Leaders in Conversation: Why Business Has a Role in Protecting Voting Rights
September 27, 2022
How Businesses Can Advocate for Voting Rights and Stronger Local Communities
A thriving stakeholder economy requires a healthy democracy that delivers on its promise of representative government. But some elected officials and court decisions in recent years are reducing Americans’ voting rights and poll access, especially for People of Color. With racial equity as one of three pillars in its theory of change, B Lab U.S. & Canada recognizes this challenge and the responsibility of businesses to help protect democracy and take action against injustice.
In the run-up to the U.S. midterm elections this fall, B Lab U.S. & Canada hosted a “Leaders in Conversation” LinkedIn Live event focusing on how businesses can advocate for voting rights and voter access. The event featured Jorge Fontanez, CEO of B Lab U.S. & Canada; Sophia Lin Lakin, Interim Co-Director of the Voting Rights Project, American Civil Liberties Union; and Leslie Proll, Senior Program Director of Voting Rights, The Leadership Conference on Civil and Human Rights. Keep reading for excerpts from their conversation or watch the recording online.
Watch Leaders in Conversation: Why Business Has a Role in Protecting Voter Rights
The conversation examines the federal landscape and what’s happening in states where voting rights are most vulnerable. They also discuss why voting rights are a matter of racial justice in the context of recent threats, including:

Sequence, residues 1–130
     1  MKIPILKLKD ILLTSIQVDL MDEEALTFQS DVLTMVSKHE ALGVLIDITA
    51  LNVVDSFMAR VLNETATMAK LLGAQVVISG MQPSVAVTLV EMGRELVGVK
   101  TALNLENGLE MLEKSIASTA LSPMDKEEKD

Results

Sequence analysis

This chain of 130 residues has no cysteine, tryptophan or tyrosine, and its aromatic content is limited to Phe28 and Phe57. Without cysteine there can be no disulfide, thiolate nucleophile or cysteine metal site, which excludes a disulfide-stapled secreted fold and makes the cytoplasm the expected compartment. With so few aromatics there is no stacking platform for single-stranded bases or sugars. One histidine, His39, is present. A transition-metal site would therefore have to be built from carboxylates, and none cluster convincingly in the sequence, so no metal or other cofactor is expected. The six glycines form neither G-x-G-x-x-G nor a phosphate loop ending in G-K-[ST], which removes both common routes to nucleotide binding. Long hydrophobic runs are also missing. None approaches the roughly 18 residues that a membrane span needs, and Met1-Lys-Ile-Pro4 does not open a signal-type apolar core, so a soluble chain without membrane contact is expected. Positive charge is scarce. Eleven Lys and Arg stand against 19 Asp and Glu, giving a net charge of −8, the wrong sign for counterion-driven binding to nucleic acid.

- Two Supreme Court rulings in the last decade weakened protections in the Voting Rights Act of 1965, which has served as one of the nation’s most successful civil rights laws. As Proll said, voting rights are foundational because they preserve and protect all other rights.
- More than 400 bills were proposed during 2021 legislative sessions in states across the country, seeking new restrictions on voting — to limit mail-in, absentee, or early ballots — and limits to assistance at the polls for people with disabilities, who speak limited English, or who have other needs.
- Redistricting of Congressional and state legislative districts after the 2020 census. Partisan leaders can use redistricting as an opportunity to change boundaries and divide communities that tend to support candidates from a particular party. The ACLU has filed lawsuits challenging maps in several states.